What’s Going on with Fluffy? A change in your cat’s behavior can signal pain
By Julie Grace
If you have ever experienced an illness, you may remember how you felt. Everything from your energy level to your attitude was out of sorts. Like us, animals exhibit mood changes when they suffer from injury, illness, or chronic disease. Unlike us, they lack the ability to verbalize how they feel. As pet owners, we need to be aware of behavioral changes as important signals of our pet’s health. I spent some time with Our Companions Sanctuary Feline Behavior Manager Karen Aseltine to discuss the important connection between pain and behavioral changes in cats.
Unless there has been a traumatic event, such as moving to a new home, a death in the family, or a physical injury to your cat, their temperament does not typically change overnight. Any sudden change in behavior can be an indication that your cat is in pain or experiencing a health problem, and a discussion with your veterinarian is warranted. Keep in mind that in order to appear less vulnerable, instinctively, your cat may try to hide signs of discomfort or illness, so the changes in some cases might be subtle.
While every cat and situation are unique, there are a number of behavior changes that can occur when they experience pain. These include:
Sensitivity or vocalization in response to being petted or touched. If your pet hisses, howls, or pulls away when you try petting or touching them, it could be that they are guarding against being touched because they are in pain.
Decreased appetite or lack of interest in food. This can include a change in preference for soft foods over hard foods or vice-versa.
Withdrawal or hiding. Both of these responses are instinctual and help cats conserve energy as well as feel safe.
Reduced movement or mobility, or a hesitation to climb or jump. Just like a human with a sprained ankle or a pulled muscle, cats avoid movements of muscles and joints that are painful due to injury or disease.
Changes in grooming patterns. A cat may under-groom themselves if they are experiencing spinal pain, since their condition makes bending difficult. This behavior can bring about a duller coat, matted fur and dandruff. A cat who over-grooms may be reacting to pain or irritation in a specific area of the body. This behavior can lead to hair loss and skin sores.
Changes in defecation and urination habits, including frequency and location. When in pain, a cat may not be capable of getting to their litter box in time or even access it once they are there, which may lead them to eliminate outside the box.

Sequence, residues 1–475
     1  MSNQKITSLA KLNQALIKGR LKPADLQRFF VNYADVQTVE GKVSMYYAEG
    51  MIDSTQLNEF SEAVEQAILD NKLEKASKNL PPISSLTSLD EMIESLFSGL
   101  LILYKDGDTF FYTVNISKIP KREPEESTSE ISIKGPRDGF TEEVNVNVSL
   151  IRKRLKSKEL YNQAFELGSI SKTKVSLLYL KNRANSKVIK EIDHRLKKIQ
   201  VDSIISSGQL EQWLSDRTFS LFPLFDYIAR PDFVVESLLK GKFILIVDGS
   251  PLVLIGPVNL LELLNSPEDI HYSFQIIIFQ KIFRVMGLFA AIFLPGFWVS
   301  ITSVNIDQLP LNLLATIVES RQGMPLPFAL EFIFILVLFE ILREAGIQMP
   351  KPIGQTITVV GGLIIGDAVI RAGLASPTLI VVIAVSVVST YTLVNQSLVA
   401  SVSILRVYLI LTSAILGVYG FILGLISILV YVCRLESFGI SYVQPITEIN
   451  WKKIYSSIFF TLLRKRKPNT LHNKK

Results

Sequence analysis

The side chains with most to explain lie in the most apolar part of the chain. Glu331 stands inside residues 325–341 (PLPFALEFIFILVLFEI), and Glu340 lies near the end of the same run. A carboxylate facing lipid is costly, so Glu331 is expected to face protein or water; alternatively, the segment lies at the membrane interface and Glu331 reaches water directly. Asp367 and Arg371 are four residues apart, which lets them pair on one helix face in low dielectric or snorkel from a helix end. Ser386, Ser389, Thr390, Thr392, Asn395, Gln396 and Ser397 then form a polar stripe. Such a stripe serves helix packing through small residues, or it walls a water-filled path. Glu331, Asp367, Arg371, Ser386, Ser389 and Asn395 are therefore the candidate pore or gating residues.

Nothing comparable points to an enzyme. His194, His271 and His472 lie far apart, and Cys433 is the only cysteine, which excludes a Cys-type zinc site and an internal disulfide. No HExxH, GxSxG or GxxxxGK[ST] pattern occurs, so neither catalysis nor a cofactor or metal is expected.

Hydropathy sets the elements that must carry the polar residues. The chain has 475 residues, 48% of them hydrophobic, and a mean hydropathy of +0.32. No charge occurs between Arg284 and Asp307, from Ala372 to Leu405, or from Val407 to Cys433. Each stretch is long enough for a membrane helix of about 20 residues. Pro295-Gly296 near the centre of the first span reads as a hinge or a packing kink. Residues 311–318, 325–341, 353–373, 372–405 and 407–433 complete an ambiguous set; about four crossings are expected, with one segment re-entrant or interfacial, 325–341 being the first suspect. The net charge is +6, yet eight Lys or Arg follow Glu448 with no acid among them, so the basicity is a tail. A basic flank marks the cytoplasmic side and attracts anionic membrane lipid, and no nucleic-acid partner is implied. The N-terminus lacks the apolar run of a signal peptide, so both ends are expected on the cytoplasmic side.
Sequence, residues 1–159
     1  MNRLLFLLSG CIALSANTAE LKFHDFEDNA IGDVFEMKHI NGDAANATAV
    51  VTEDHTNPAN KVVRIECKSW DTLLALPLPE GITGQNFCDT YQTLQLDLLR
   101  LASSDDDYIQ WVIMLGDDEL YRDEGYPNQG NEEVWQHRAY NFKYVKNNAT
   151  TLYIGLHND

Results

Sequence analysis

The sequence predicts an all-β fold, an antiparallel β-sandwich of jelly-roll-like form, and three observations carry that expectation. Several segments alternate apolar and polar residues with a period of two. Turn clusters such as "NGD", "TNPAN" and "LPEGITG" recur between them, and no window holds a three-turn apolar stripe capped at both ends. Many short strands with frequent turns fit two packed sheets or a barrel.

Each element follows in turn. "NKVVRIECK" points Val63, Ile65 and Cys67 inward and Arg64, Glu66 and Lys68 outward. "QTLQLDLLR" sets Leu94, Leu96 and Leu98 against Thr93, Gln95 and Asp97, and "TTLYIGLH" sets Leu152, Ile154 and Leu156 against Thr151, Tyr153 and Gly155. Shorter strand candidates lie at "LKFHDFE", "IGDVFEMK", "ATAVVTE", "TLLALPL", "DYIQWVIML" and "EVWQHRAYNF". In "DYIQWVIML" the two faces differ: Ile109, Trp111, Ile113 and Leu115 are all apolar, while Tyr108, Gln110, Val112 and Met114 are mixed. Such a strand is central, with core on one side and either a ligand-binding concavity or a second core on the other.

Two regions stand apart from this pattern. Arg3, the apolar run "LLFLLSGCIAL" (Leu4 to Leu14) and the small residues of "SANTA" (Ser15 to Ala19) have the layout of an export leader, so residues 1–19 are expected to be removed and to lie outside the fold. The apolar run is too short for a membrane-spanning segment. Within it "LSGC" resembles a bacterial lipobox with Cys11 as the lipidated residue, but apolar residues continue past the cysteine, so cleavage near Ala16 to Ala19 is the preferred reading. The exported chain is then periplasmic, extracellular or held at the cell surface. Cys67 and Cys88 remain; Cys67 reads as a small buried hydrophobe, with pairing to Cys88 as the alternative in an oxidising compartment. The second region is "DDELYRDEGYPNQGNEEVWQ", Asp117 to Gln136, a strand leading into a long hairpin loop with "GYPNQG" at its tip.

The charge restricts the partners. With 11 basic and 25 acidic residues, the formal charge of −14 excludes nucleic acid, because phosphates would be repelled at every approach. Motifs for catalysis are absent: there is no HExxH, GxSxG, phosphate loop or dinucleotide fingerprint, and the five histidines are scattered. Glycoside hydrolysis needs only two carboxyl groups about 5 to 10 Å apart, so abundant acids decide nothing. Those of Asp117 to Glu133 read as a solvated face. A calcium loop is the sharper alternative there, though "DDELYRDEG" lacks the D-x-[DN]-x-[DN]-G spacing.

Temperament changes. When in pain, generally cats are more irritable, causing them to act more aggressively than normal. Even gently petting a resting cat can trigger a negative reaction if they are experiencing pain.
Nighttime vocalizations or wake-up calls to their guardian. If a cat who typically sleeps through the night suddenly exhibits this new behavior, it may be signaling a problem.
One extremely common source of pain for cats is feline osteoarthritis. Like the condition that affects humans, it is a degenerative joint disease that produces low-grade inflammation, resulting in varying degrees of pain and swelling of the joints and reduced range of motion. In cats, it is common for multiple joints to be affected.
According to research from global animal health company Zoetis, more than 90% of cats older than 12 years of age show evidence of osteoarthritis, though cats as young as two years old have been diagnosed. For a variety of reasons, the clinical signs of the disease may go unnoticed by cat owners and may be under-diagnosed by veterinary professionals.
Often cats behave differently in a clinical environment, such as a veterinarian’s office, due to uncertainty, fear, or anxiety. This means that the behavioral changes you may have noticed at home may be less apparent in the clinical setting. Remember that a cat’s instinct when under stress is to mask any signs of vulnerability or weakness. Any details you can provide about at-home behaviors will help your veterinarian make a more informed health evaluation. Capturing videos of your cat, for example, walking up and down stairs, jumping off furniture, or getting up to a standing position after resting, can assist with a diagnosis.
The good news is, with proper diagnosis, there are many ways to manage your cat’s pain. In addition to medication, your cat’s veterinarian may recommend weight loss, acupuncture, physical rehabilitation, homeopathy, or chiropractic care. Additionally, if mobility issues are a concern, environmental additions such as stairs or ramps, heated beds, low-sided litter boxes, and other adjustments for difficult-to-reach areas can make your home more accommodating to your cat’s condition.
Attending to the special needs of your feline companion as they age or acquire manageable health conditions is part of being a responsible and loving pet guardian. It begins with being mindful of their everyday disposition. You know your pet’s habits far better than anyone else. By more clearly understanding the connection between pain and behavior, you can more readily identify problems and respond quickly when your pet needs you most.